Thomas Zweig, Emin Aghayev, Markus Melloh, Daniel Dietrich, Christoph Röder

August 2012, Volume 21, Issue 6, pp 729 - 736 Original Article Read Full Article 10.1007/s00586-011-1863-x

First Online: 10 June 2011


Currently, many pre-conditions are regarded as relative or absolute contraindications for lumbar total disc replacement (TDR). Radiculopathy is one among them. In Switzerland it is left to the surgeon’s discretion when to operate if he adheres to a list of pre-defined indications. Contraindications, however, are less clearly specified. We hypothesized that, the extent of pre-operative radiculopathy results in different benefits for patients treated with mono-segmental lumbar TDR. We used patient perceived leg pain and its correlation with physician recorded radiculopathy for creating the patient groups to be compared.


The present study is based on the dataset of SWISSspine, a government mandated health technology assessment registry. Between March 2005 and April 2009, 577 patients underwent either mono- or bi-segmental lumbar TDR, which was documented in a prospective observational multicenter mode. A total of 416 cases with a mono-segmental procedure were included in the study. The data collection consisted of pre-operative and follow-up data (physician based) and clinical outcomes (NASS form, EQ-5D). A receiver operating characteristic (ROC) analysis was conducted with patients’ self-indicated leg pain and the surgeon-based diagnosis “radiculopathy”, as marked on the case report forms. As a result, patients were divided into two groups according to the severity of leg pain. The two groups were compared with regard to the pre-operative patient characteristics and pre- and post-operative pain on Visual Analogue Scale (VAS) and quality of life using general linear modeling.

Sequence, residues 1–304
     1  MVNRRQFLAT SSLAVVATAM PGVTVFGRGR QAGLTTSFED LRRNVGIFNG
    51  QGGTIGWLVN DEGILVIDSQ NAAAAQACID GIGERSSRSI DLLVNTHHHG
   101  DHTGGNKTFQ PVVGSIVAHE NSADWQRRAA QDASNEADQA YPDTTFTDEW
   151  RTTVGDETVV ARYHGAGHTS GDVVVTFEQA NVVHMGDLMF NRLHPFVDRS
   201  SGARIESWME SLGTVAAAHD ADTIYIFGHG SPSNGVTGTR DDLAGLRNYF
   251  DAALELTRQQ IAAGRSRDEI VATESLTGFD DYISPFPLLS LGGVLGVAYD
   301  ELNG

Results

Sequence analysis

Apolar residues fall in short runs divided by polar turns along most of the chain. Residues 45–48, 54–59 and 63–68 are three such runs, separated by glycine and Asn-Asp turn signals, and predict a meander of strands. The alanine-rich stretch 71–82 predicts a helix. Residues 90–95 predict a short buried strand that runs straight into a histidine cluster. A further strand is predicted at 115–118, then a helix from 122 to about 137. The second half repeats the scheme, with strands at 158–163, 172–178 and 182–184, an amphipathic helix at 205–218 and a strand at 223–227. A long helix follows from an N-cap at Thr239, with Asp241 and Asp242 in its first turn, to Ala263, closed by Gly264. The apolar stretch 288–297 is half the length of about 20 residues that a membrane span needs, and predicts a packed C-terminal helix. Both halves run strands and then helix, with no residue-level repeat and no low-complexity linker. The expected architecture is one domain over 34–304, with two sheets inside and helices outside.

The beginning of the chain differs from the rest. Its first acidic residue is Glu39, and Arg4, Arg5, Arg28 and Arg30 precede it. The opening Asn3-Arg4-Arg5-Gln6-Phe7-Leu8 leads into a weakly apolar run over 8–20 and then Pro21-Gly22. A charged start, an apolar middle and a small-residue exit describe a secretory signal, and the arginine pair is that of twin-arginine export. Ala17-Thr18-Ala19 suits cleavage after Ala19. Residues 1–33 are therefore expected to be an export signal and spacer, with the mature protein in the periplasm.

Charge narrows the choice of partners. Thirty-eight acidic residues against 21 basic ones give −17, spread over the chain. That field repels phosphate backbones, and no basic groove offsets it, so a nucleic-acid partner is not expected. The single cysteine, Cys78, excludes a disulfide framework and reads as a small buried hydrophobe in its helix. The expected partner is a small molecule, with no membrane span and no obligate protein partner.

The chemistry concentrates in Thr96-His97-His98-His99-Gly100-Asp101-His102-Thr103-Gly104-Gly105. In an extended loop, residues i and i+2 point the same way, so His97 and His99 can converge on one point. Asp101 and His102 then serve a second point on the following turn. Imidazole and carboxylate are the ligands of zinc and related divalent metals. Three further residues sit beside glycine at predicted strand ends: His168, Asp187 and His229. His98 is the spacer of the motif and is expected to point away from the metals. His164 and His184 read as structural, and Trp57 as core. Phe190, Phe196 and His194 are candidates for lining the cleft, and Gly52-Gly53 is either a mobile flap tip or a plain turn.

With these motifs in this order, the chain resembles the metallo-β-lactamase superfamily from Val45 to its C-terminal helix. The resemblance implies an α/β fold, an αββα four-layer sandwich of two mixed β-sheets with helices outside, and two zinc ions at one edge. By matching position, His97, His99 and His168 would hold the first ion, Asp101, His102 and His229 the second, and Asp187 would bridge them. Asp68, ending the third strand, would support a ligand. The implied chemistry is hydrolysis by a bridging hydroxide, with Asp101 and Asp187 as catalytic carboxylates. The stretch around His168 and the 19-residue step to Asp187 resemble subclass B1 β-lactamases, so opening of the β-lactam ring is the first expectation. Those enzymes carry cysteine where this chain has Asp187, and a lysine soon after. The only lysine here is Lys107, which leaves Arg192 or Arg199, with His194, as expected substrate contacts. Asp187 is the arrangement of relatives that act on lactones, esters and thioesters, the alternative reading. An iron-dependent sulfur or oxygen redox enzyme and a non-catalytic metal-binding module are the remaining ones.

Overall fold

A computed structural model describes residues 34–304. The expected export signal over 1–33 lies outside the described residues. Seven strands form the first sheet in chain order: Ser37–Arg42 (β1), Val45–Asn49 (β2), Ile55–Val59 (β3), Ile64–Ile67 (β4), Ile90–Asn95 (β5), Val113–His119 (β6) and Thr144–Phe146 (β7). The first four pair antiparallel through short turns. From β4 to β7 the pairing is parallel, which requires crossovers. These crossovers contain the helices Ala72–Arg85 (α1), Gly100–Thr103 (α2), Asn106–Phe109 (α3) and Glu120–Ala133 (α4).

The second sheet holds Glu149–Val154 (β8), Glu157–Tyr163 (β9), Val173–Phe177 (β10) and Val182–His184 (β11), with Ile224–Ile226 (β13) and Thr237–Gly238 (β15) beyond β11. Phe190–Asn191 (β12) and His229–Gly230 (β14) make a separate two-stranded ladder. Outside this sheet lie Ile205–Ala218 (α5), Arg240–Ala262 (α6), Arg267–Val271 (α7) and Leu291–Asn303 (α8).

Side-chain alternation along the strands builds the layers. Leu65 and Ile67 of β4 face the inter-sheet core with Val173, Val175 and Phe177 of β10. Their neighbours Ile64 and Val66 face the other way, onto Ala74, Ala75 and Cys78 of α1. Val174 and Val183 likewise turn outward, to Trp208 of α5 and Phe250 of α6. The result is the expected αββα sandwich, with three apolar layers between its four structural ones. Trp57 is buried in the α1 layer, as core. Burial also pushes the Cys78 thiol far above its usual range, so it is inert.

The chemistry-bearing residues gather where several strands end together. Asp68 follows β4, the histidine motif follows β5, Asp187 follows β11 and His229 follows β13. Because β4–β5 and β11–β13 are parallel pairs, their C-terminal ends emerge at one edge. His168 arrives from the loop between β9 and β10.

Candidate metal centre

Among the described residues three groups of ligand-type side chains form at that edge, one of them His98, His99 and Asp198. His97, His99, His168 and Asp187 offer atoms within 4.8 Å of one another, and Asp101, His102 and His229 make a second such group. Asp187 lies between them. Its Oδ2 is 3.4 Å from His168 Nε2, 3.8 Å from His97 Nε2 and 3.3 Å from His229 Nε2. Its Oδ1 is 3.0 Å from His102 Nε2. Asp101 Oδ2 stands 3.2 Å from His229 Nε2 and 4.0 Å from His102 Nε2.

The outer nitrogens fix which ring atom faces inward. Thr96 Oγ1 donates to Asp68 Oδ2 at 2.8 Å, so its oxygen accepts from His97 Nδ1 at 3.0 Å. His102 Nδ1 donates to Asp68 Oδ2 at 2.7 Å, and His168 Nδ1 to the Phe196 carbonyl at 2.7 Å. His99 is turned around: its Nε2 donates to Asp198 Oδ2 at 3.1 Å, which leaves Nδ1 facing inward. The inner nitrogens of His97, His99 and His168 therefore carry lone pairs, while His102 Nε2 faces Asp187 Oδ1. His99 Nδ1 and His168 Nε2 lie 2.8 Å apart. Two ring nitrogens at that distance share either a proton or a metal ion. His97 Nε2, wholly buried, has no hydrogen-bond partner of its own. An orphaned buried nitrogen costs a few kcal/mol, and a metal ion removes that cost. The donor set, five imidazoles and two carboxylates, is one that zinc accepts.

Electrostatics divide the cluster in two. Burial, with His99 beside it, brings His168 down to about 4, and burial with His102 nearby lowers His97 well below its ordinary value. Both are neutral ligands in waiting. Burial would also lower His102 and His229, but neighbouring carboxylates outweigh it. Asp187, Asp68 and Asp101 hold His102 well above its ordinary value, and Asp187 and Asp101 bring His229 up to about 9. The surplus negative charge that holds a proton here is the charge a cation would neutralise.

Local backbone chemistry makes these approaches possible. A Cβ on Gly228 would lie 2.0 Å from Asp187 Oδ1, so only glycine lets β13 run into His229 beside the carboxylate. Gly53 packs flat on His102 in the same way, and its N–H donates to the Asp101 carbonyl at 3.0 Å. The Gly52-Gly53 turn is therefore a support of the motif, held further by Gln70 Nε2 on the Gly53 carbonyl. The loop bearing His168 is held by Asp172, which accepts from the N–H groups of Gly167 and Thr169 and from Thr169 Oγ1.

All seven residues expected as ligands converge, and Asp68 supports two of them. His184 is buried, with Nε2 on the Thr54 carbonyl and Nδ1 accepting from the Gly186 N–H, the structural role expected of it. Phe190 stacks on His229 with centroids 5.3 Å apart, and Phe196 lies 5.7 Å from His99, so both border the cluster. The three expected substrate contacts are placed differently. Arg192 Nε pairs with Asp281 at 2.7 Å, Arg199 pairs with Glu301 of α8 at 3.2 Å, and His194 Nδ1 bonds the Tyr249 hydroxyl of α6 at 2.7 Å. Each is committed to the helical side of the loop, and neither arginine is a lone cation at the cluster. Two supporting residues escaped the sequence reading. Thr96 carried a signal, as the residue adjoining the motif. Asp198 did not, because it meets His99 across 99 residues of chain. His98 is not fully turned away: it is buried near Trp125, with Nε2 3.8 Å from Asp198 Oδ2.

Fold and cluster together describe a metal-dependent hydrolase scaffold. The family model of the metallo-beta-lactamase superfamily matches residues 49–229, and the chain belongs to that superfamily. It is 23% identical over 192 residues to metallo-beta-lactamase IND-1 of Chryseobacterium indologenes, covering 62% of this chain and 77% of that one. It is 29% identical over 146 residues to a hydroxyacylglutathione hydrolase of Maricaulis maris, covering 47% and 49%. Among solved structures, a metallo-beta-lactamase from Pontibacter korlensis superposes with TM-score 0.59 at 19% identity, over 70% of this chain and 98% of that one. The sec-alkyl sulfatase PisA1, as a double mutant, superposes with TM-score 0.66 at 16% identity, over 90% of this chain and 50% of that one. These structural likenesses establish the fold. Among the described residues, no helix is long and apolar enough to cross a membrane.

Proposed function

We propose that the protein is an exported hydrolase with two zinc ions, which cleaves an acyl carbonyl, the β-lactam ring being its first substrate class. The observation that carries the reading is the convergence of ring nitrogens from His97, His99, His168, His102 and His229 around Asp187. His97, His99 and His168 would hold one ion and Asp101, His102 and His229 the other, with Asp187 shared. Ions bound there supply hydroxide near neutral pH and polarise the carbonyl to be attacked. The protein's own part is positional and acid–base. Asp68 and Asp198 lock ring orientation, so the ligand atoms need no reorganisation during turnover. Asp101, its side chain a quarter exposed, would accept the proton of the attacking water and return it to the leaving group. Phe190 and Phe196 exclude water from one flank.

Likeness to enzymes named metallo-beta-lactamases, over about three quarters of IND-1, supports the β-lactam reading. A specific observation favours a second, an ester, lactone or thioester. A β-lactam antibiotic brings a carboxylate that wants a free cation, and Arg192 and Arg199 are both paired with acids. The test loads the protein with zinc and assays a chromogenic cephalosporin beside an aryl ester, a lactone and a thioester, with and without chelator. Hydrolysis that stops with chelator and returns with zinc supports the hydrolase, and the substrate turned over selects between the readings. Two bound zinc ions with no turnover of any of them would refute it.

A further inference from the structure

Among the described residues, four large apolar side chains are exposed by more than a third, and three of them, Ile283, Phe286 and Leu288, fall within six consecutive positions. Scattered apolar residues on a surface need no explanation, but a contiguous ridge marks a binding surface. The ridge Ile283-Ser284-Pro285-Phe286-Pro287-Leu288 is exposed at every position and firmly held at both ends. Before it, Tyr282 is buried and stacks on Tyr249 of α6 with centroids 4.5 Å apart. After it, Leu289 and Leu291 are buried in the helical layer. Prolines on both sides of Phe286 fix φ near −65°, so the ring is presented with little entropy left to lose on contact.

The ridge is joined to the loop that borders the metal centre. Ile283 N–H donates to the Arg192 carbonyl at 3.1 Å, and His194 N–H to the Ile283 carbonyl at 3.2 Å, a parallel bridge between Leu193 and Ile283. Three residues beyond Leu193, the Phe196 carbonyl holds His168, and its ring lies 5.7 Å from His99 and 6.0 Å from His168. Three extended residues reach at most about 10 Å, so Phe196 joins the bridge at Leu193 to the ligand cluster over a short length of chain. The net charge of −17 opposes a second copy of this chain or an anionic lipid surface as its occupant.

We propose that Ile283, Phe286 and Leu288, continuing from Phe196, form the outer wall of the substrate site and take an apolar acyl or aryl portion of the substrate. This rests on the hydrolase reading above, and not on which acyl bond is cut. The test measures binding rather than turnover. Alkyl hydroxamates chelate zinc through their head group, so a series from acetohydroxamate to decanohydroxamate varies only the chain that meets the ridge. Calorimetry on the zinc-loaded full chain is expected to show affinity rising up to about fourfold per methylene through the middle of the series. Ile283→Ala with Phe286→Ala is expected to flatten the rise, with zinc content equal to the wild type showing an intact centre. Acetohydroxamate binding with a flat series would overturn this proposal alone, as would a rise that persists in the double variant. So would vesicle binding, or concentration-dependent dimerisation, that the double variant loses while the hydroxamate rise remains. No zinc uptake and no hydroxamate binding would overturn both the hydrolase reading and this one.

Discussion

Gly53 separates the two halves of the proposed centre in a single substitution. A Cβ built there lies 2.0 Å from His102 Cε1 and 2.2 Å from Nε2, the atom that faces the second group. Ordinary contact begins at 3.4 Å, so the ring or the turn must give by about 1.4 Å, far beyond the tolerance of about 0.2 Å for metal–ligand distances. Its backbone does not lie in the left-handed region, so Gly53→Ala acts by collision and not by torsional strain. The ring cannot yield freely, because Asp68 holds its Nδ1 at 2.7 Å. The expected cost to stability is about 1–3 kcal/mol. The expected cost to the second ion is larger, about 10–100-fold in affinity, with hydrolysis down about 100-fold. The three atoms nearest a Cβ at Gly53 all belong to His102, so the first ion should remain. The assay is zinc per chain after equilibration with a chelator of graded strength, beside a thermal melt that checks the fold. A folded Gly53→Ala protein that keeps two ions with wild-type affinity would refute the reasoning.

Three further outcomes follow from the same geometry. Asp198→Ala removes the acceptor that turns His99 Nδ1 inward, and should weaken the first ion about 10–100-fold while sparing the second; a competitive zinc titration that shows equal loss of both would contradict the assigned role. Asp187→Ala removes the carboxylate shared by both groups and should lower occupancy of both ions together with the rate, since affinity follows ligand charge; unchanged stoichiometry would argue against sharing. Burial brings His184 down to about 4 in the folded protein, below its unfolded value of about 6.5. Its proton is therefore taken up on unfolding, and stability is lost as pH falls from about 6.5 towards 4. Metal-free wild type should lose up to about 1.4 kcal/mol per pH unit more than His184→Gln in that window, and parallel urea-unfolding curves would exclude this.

The optimal ROC model revealed a leg pain threshold of 40 ≤ VAS > 40 for the absence or the presence of “radiculopathy”. Demographics in the resulting two groups were well comparable. Applying this threshold, the mean pre-operative leg pain level was 16.5 points in group 1 and 68.1 points in group 2 (p < 0.001). Back pain levels differed less with 63.6 points in group 1 and 72.6 in group 2 (p < 0.001). Pre-operative quality of life showed considerable differences with an 0.44 EQ-5D score in group 1 and 0.29 in group 2 (p < 0.001, possible score range −0.6 to 1). At a mean follow-up time of 8 months, group 1 showed a mean leg pain improvement of 3.6 points and group 2 of 41.1 points (p < 0.001). Back pain relief was 35.6 and 39.1 points, respectively (p = 0.27). EQ-5D score improvement was 0.27 in group 1 and 0.41 in group 2 (p = 0.11).


Patients labeled as having radiculopathy (group 2) do mostly have pre-operative leg pain levels ≥ 40. Applying this threshold, the patients with pre-operative leg pain do also have more severe back pain and a considerably lower quality of life. Their net benefit from the lumbar TDR is higher and they do have similar post-operative back and leg pain levels as well as the quality of life as patients without pre-operative leg pain. Although randomized controlled trials are required to confirm these findings, they put leg pain and radiculopathy into perspective as absolute contraindications for TDR.

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